Machine Learning is rapidly finding its way into our industry, but the speed of adoption will only move as quickly as the required skills are available. Although there were several exciting services around machine learning at re:Invent Deep Racer may be the most important, what Amazon is building around this product is going to offer an exciting and fun avenue to skill development and increase the available talent pool quickly. Deep Racer won't directly change how your organization does machine learning, but it will change the talent pool and therefore adoption. This is a great opportunity to dive into machine learning if that's a direction you want to take your career.
AWS Outposts was a popular discussion item the minute it was announced. AWS wasn't just happy with their attempt to host all of your workloads, now they seem to want to sit on your data center floor too. I am less excited about this release than others, yes it gives an onramp to their services for slower adopters and easier access to key cloud services in your data center, but I have not seen the level of impact from Azure Stack that was expected and would require Amazon to get into this space. It appears to be a functional and capable service that use cases exist for, however I am unsure we will see adoption rates that make this an impactful capability for them.
AWS Transit Gateway may be one of the more impactful releases for large enterprise deployments and for customers who have used a highly segregated VPC architecture. VPC peering in complex designs has been a bain of the existence of many cloud architects and network engineers. Although some were hoping for an announcement with even greater transitive peering capabilities Transit Gateway will now allow for you to centrally manage peering across VPCs and accounts providing a single hub to attach VPC and onsite connected networks. This is extremely impactful to easing the pain of design and support of complex designs. This may prove to be one of the most impactful yet least talked about releases.
I probably say it at least once a week if not more, you cannot handle configuration management in the cloud the same way you handled it in the data center, the sins of this function being a secondary priority will absolutely ruin any value in the cloud. Amazon has worked to provide tools that help with this transition however the release of Control Tower is a huge step towards using the power of infrastructure as code to baseline key configuration management details at the moment of deployment that can then be enforced through policy long term. Additional releases like Cloud Map and App Mesh also ease the effort in what is often a new priority for cloud adopters.
Security in the cloud is always a key discussion for new cloud adopters and vigorous cloud avoiders. Amazon continues to release quality tools and services in this space, however they have traditionally run independent of each other. Security Hub now brings an organizational view to monitoring and securing your environment integrating existing services through this single service. I find one of the most difficult aspects of securing cloud has been the difficulty in aggregating all the information and capabilities available to you. I need more time to see this service in action to determine if it will be as impactful as I hope, however this is a step in the right direction to gaining better control for your security requirements.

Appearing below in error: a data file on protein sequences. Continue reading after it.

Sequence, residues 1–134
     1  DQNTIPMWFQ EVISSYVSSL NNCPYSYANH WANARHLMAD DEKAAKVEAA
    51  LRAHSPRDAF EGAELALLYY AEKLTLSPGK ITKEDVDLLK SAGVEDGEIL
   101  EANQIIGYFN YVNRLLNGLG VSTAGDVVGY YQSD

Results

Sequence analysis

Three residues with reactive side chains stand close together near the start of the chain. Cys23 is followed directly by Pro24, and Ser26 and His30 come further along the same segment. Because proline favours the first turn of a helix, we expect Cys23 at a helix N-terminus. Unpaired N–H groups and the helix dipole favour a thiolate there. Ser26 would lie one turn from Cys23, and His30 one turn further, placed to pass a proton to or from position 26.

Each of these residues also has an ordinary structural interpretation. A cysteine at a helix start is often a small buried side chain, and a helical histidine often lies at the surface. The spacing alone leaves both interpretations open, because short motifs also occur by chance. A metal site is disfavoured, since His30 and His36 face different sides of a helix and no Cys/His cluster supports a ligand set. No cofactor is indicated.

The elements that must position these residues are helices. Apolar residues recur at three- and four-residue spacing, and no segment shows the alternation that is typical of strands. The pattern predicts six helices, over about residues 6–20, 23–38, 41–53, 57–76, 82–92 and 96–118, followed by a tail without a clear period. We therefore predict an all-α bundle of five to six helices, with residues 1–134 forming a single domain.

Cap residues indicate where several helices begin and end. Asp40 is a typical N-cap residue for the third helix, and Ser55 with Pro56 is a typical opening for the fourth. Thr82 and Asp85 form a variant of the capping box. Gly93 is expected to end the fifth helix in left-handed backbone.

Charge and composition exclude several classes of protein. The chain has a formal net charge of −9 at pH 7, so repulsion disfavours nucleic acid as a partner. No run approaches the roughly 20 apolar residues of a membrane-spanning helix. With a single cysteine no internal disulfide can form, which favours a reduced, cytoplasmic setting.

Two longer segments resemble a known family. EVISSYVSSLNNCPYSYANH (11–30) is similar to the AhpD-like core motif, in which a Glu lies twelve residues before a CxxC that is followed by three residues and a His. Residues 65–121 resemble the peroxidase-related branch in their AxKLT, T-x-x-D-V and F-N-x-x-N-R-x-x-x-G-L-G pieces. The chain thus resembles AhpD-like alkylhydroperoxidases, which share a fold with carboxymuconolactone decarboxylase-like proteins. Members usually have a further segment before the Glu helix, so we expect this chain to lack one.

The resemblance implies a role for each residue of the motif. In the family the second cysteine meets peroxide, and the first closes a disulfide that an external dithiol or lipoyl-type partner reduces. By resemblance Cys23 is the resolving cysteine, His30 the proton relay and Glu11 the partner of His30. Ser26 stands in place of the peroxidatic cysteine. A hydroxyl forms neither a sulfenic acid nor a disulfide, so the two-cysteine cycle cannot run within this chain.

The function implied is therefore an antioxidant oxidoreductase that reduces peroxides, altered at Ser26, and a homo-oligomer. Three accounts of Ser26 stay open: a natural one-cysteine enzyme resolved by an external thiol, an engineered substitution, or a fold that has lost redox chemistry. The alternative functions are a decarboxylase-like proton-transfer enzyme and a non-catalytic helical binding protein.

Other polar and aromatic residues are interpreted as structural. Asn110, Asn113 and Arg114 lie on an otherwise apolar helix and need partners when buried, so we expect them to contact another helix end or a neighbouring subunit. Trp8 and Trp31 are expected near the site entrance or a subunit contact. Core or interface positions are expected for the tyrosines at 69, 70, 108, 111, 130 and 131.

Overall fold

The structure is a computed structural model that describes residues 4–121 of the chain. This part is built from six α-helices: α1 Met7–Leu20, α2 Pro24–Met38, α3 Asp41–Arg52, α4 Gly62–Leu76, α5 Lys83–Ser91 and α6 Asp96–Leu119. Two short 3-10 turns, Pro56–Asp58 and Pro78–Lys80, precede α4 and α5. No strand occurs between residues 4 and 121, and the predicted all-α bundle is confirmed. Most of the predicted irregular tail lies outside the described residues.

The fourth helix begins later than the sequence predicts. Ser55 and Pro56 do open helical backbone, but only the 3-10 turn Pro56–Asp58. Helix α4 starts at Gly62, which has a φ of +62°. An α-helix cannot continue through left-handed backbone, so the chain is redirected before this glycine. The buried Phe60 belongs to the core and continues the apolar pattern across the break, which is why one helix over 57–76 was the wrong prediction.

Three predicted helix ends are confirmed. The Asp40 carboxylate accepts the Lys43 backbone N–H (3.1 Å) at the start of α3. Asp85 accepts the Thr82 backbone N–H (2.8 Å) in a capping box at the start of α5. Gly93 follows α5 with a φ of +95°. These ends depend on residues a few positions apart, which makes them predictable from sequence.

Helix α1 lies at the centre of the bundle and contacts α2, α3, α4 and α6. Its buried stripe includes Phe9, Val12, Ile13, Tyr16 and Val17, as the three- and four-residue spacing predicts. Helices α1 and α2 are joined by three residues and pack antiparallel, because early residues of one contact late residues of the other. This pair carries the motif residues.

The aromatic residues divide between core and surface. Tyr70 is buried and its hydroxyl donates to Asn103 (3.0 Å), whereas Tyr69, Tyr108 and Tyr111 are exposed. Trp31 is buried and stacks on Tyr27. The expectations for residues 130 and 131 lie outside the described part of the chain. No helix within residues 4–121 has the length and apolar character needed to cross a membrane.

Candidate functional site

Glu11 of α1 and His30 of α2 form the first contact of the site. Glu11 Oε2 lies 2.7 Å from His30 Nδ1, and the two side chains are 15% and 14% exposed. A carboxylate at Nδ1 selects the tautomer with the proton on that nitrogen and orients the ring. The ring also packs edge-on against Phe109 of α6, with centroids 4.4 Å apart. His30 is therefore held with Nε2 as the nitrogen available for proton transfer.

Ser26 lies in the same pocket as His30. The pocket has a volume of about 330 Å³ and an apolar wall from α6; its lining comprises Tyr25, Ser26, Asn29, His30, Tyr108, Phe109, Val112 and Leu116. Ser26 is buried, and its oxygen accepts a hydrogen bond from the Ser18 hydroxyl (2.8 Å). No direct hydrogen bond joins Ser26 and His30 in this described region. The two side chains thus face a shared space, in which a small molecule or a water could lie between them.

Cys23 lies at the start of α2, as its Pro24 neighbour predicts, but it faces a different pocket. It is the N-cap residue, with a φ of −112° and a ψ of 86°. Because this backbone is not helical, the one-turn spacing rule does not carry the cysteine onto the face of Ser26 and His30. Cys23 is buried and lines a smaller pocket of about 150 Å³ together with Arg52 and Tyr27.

Lastly lets talk about the Partner Summit. I work for an AWS Consulting Partner and the partner program is important to us and other firms to help demonstrate our skill and capability in AWS to our clients just as it is for other partners. At re:Invent Amazon changed the partnership qualification drastically, most boutique firms I spoke with after the announced changes were disappointed and concerned about the changes, even some larger firms were unhappy. Personally I see it as a good thing. Previously a firm could have one or two people who would amass certifications and experience however there was no focus in building the expertise of the entire firm. This was typically the method used to climb through the partner levels for firms of all sizes. This meant that customers would engage a partner and often never work with certified resources. Amazon wants to ensure that partners can provide validated and capable resources to their clients, now the number of certified individuals is counted rather than the number of certifications. For firms that recognize skill development and experience are critical to successful cloud consulting and customer adoption, this was a positive. At CloudLogic we saw this as a positive as we require all of our people to be certified in more than one cloud provider and all consultants carry at least one AWS certification.
So what does this mean for you the individual, AWS is placing more and more importance on certification, which means consultancies, managed service providers, and even your traditional IT organization will increase their reliance on certification as a tool to determine qualified employees. If you are serious about your cloud skillset now is the time to certify if you have not started already. In addition as the Partner program sorts itself it allows customer to have more confidence on the of AWS partners.
So is re:Invent worth the time and expense? Absolutely! I have already marked off my calendar for next year. The value you gain from the conference will be heavily measured in how seriously you take the time to plan your time and take advantage of what you need from the conference. This is an event that your investment into it will increase the return you receive from it.